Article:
In an insider look at the daunting MBA application process, The Wall Street Journal tackled the question: How do people decide when, whether and where to go to business school? The paper talked to applicants and Chad Troutwine, founder of applications consulting firm Veritas Prep.
One applicant, an Ernst and Young senior consultant, shared his apprehension, saying, “What really interests me is entrepreneurship, but do you need to get an MBA if you want to be an entrepreneur?” Troutwine pointed out that there is no career path that requires an MBA – yet business school can be a great laboratory for testing out new business ideas.
Other insights include:
- Schools accept to boost their yield – students are often shocked to get accepted by their first choice, but rejected by what they considered a safety school. The schools figure: “She's not going to come, why waste one of our valuable acceptance letters?” Troutwine explains.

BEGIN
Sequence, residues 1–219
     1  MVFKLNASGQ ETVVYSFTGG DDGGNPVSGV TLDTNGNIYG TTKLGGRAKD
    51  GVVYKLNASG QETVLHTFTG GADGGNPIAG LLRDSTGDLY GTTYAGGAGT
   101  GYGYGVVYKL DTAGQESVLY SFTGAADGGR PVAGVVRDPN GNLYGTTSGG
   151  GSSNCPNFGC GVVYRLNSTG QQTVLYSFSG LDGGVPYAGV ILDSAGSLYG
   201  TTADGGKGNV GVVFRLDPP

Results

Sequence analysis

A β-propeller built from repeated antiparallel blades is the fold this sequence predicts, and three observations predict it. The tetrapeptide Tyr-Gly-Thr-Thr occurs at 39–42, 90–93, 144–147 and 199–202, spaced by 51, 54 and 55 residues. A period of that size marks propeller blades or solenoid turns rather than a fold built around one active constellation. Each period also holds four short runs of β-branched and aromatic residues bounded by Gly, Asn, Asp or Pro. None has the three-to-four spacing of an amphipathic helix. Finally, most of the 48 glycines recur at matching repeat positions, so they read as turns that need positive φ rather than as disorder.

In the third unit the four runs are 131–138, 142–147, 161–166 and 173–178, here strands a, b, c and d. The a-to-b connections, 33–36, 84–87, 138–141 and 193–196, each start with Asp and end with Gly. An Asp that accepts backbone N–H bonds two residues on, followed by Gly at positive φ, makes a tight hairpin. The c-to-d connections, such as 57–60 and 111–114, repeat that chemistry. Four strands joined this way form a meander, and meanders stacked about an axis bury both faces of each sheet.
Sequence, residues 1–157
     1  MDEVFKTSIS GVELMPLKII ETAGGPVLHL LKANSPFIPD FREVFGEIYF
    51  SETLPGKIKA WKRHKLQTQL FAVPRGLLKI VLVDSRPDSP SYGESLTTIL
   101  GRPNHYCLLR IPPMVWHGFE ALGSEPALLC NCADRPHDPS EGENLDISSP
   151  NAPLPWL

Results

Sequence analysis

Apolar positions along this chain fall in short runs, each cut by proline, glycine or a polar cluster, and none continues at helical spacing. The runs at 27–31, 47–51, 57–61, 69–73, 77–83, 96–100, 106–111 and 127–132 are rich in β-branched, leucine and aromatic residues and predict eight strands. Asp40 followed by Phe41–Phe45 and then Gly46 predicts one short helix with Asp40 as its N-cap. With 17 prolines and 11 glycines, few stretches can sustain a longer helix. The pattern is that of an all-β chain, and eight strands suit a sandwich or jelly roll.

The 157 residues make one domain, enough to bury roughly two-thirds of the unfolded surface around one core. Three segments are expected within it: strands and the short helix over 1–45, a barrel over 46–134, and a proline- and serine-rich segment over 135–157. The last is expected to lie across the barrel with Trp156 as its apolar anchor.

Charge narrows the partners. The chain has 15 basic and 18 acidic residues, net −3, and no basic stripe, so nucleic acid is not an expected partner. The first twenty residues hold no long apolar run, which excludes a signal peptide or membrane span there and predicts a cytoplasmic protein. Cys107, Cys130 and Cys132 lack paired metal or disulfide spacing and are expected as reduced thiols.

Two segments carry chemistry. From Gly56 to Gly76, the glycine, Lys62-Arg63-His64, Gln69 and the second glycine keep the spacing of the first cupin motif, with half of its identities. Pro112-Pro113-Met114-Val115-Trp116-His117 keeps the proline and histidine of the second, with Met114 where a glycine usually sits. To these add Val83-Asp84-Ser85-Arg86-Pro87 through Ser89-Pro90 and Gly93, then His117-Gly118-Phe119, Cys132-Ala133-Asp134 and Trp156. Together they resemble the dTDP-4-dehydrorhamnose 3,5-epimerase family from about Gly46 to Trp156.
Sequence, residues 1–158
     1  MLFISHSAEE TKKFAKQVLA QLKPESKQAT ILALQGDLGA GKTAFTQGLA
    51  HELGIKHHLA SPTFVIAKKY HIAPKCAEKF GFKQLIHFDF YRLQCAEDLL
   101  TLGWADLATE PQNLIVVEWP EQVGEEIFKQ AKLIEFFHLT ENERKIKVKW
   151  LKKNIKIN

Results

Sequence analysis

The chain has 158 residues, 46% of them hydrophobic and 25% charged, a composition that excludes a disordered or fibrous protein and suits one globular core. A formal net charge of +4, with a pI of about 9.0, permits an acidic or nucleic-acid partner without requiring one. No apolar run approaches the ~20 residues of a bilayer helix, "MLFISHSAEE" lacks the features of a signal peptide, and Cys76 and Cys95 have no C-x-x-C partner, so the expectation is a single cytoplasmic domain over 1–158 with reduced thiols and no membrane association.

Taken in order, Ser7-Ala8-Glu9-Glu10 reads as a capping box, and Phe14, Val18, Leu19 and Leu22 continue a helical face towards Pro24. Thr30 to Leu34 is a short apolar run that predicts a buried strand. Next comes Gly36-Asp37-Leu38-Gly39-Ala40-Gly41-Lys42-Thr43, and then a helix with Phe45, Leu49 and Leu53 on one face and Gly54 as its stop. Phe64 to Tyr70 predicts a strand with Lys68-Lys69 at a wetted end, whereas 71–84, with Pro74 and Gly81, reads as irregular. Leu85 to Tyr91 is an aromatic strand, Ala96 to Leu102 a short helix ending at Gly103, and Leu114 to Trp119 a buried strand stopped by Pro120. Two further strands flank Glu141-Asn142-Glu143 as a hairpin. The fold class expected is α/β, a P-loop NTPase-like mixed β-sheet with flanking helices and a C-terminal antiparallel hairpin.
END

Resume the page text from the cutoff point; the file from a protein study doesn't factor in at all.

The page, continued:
- Applicants need to show not only why they are unique, but why they are a good fit for business school.
- Schools often provide useful feedback about rejects – if you ask.
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